The Ladies of Horror
Picture-Prompt Writing Challenge!
All Trevor had to do was find something in Harper Asylum to bring back, to prove he’d gone inside. He was too old for dares, urban exploring wasn’t his thing, but he wasn’t going to give the dicks he went to school with the chance to gloat that he’d chickened out.
It isn’t so bad.
He kept tolling himself that, kept walking, though he wanted to run for the basement door he’d broken into. Wherever that was in the scheme of things.
The place had more hall than rooms. He kept getting turned around. Debris littered the floor, but there was nothing he could easily take with him. Nothing that would scream that he’d upheld his part of the bargain.
How long have I been here? He was grateful for the sunlight – he wasn’t crazy enough to break in at night – grateful the strange cold he’d entered had dropped away.
The unease wouldn’t leave him, though. Neither would the pricking urge that something was off. I’ve got no business here. This is stupid. Stupid, stupid bet. The thought wouldn’t leave him, kept pace with his feet along the dim, dull, continuous hallway.
Something wasn’t right. It couldn’t be. There was no way the hall could match the outside of the building.
As soon as the notion occurred to him, the turn appeared about ten feet ahead. Weird. Trevor braced himself before he turned into the doorway.
More hall. More dilapitdated grey walls. More pipes. More dirty light that made him feel heavier, more depressed. He couldn’t hear his own footsteps despite the quiet. He couldn’t orient himself.
Voices made him freeze. He couldn’t afford to get caught by the cops. Shit. What if those idiots called them just to mess with me?
“I really don’t think we should be here!” a girl’s voice pleaded. She sounded around his age, but he didn’t recognize her when she and her friend came into view at the end of the hall. Which was also odd, given how long it had been a moment ago.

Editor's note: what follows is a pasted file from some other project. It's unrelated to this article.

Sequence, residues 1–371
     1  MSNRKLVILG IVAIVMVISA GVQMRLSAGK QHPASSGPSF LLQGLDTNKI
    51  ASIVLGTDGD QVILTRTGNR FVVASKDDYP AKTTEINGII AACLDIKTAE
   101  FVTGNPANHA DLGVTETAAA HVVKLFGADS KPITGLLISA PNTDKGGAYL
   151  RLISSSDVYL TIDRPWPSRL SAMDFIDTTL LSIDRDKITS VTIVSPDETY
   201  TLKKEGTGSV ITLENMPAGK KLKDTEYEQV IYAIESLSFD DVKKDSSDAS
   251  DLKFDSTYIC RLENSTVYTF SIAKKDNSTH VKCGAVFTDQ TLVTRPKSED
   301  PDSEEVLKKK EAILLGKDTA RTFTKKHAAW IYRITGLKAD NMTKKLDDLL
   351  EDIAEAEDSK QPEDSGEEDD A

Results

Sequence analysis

“Relax! No one comes in here. I wanna check it out. We’ll be quick, I swear.” Her friend was taller, brunette to the first girl’s blonde, and obviously braver. She waved a light, but it was on a small rectangular box, no type of flashlight that Trevor had ever seen.
He watched the girls approach, made up his mind to team up with them, though he had no idea who they were and their clothes were a little weird. He didn’t have the energy to judge their life choices. Screw the bet, I’m getting out of here!
“Hey,” he tried, softly to not scare them, but the pair didn’t look over at him, even though they were five feet away. “Hello?” He tried again, louder, but they just kept walking. He jumped right in their path. “Knock it off, this isn’t funny!”
They walked right through him and froze on his far side.
“Hey, did you feel that?” The blonde asked, grabbing her friend’s shoulder.
“Huh? No, what?”
“I dunno. Something. Kiera, I really don’t like it here…”
He broke into a run, didn’t wait to hear any more. He didn’t want to face the obvious or stick around to discover the truth.
No. No way. I will get out of here. I will.
First, he had to find his body.
Trevor turned a corner and the grey hall stretched on for miles.
He started walking anyway.
Fiction © Copyright Selah Janel
Image courtesy of Pixabay.com
More from Author Selah Janel:
Like many young men at the end of the 1800s, Bill signed on to work in a logging camp. The work is brutal, but it promised a fast paycheck with which he can start his life. Unfortunately, his role model is Big John. Not only is he the camp’s hero, but he’s known for spending his pay as fast as he makes it. On a cold Saturday night they enter Red’s Saloon to forget the work that takes the sweat and lives of so many men their age. Red may have plans for their whiskey money, but something else lurks in the shadows. It watches and badly wants a drink that has nothing to do with alcohol. Can Bill make it back out the shabby door, or does someone else have their own plans for his future?
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Women in Horror Month 10